|Opiliones in Belgium - About the species||
|Our most common species|
Rilaena triangularis is present in more than
half of the squares from which we have samples (93 out of 170) and is therefore
the most widespread Opilionid in Belgium. Two thirds of our captures are juveniles.
The species gives us a clear example of the limits of our pitfall samples.
Were it not of the juveniles R. triangularis would seem much less common.
The adult migrates to higher regions in the vegetation and therefore is less
likely to stumble into our traps.
The season of maturity is quite early from March to July - R. triangularis shares this characteristic with Amilenus aurantiacus which also becomes adult in March. Most other species mature in late summer and autumn.
Oligolophus tridens comes next and occurs in 71 squares.
Nemastoma bimaculatum and N. lugubre follow far behind in number of UTM-squares (58 each) but are in fact more numerous than the previous widespread species. N. bimaculatum occurs in 34 % of the squares, and stands for 15 % (n=4947) of all records, while R. triangularis is found in 55 % of the squares with only 10 % (n=3343) of all finds. Both Nemastoma species are often present at the same site, but our maps reveal that N. bimaculatum gravitates more to the west and that N. lugubre is a bit more common in the east.
Paroligolophus agrestis is also present in 58 squares (with 1974 records) and is followed (or preceded, depending on which numbers you consider more important) by Lophopilio palpinalis living in 57 UTM-squares (2637 finds).
|Less common, but not considered rare|
Species in this group are found in a considerable number of squares or occur in high numbers, but not both. We have finds of Leiobunum rotundum in 55 squares (that is almost as widespread as our more common species) but we have only 749 animals, which is much less. Homalenotus quadridentatus at the other hand is found 2057 times, but only in 32 squares (that is less than 20 % of all sampled UTM-squares). Other species in this class are Phalangium opilio (51 squares), Mitopus morio, Lacinius ephippiatus, Leiobunum blackwalli, Trogulus nepaeformis, Paranemastoma quadripunctatum and finally Opilio saxatilis (23 squares).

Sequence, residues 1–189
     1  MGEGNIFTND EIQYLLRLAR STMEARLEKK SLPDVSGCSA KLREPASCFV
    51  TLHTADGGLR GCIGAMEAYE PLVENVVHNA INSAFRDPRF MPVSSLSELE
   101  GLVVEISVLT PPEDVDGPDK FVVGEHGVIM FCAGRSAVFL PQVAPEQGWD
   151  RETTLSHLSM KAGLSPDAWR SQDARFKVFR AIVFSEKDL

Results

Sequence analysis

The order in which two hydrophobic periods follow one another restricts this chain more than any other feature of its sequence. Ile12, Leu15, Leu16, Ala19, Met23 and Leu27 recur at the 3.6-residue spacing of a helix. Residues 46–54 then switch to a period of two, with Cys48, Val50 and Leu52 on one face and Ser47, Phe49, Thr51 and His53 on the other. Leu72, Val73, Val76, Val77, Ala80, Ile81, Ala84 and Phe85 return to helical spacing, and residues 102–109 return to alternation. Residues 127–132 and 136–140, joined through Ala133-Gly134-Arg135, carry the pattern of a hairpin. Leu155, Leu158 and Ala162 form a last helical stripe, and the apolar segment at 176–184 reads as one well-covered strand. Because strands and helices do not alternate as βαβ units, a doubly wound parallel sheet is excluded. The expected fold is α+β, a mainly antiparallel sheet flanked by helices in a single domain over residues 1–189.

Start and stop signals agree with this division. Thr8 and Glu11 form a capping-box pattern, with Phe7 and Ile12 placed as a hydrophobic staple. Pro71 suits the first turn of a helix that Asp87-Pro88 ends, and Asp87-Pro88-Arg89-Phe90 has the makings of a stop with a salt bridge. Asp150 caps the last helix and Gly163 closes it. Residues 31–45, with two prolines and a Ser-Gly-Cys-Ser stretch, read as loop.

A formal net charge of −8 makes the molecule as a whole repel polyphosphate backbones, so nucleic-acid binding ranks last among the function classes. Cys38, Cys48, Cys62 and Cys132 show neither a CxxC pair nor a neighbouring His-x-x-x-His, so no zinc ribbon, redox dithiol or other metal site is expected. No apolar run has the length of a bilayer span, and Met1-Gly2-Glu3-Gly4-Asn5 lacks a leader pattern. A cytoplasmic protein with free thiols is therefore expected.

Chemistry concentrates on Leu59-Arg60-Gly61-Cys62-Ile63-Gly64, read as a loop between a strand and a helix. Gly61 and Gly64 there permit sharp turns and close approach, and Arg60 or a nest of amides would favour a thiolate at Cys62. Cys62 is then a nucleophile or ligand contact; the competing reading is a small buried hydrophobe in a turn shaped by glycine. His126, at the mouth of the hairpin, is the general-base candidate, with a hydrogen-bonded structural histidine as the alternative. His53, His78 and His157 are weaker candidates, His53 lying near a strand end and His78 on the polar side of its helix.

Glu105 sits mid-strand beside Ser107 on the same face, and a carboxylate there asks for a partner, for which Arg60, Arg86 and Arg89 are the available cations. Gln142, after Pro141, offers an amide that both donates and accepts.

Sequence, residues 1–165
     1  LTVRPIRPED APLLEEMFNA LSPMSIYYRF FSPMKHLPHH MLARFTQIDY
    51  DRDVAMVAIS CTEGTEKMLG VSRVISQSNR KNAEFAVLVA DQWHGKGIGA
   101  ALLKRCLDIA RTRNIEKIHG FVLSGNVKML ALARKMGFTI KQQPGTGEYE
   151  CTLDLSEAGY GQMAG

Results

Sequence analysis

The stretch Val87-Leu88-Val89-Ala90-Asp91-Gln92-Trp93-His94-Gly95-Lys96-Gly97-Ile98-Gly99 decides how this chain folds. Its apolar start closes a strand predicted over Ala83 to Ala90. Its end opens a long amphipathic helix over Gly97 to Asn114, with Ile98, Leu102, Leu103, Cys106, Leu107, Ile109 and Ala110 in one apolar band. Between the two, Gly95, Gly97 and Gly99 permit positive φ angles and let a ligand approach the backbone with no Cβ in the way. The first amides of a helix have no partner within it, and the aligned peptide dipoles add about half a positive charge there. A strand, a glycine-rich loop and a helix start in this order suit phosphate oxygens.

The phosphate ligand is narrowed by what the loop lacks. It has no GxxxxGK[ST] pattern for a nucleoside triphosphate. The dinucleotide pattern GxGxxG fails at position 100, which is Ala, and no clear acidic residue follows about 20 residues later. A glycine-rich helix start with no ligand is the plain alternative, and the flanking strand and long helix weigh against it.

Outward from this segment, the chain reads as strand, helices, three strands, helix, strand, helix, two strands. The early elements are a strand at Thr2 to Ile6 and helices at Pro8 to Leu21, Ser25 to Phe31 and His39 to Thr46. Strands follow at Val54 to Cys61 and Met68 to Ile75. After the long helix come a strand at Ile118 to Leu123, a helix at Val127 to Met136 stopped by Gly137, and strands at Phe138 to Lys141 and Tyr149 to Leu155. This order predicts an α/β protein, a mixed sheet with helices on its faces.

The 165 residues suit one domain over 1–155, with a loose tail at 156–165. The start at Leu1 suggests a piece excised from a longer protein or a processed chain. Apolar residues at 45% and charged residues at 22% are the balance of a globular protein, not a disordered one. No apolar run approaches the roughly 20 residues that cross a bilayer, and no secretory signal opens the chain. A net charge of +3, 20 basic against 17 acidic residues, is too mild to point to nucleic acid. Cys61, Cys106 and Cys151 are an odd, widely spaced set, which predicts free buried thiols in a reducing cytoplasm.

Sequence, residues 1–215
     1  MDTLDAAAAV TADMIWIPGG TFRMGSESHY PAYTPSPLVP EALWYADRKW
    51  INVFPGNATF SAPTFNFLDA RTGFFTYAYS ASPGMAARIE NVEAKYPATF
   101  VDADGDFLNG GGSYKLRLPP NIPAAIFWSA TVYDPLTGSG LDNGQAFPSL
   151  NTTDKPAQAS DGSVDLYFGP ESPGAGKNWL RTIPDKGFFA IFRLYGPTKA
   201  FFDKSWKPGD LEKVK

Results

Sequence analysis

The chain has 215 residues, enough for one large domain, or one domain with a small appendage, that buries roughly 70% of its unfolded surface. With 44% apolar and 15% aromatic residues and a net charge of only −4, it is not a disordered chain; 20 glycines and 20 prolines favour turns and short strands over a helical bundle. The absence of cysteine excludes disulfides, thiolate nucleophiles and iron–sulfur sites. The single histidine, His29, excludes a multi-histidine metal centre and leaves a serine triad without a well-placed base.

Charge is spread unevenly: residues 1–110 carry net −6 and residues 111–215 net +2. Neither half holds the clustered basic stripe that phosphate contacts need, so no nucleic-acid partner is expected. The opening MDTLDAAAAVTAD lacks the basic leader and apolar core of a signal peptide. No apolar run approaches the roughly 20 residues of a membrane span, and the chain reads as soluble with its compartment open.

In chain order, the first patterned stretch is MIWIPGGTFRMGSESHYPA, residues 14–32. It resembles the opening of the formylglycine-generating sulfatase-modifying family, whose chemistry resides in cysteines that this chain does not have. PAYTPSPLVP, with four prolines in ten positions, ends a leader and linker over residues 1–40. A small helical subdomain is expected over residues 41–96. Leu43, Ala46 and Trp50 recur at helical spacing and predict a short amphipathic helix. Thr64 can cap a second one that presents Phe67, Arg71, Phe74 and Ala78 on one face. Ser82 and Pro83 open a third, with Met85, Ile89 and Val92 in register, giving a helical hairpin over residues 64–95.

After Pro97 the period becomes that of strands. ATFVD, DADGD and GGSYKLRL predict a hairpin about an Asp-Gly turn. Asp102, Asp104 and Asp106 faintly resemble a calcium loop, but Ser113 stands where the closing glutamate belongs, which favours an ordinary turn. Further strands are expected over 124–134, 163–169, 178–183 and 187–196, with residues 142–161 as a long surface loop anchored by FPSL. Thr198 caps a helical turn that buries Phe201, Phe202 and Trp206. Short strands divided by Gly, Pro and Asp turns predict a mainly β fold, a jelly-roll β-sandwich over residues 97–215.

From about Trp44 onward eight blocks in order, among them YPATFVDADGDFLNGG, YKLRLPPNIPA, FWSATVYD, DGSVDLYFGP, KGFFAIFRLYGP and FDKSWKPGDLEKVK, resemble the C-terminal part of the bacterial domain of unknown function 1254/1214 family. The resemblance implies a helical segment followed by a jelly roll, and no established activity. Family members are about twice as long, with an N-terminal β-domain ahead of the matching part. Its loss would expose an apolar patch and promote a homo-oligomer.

|Not common, perhaps to be considered rare|
I've already explained (Introduction to the maps.) that some of the species probably only seem to be rare because of our sampling methods. This is presumably not the case with species like Mitostoma chrysomelas, Anelasmocephalus cambridgei, Trogulus tricarinatus and Odiellus spinosus which live on the ground layer and occur in only 21, 20, 12 and 3 squares respectively.
Species like Opilio canestrinii and Dicranopalpus ramosus to the contrary, don't turn up in pitfalls and are probably much more widespread than we know at the moment.
The least common harvestmen in our region are Amilenus aurantiacus, Lacinius horridus and Platybunus pinetorum which were found in one single square each (and in the case of P. pinetorum: only once). Perhaps that we can dig them up at some other sites in the southern part of the country, but I don't expect to find them in the northern half.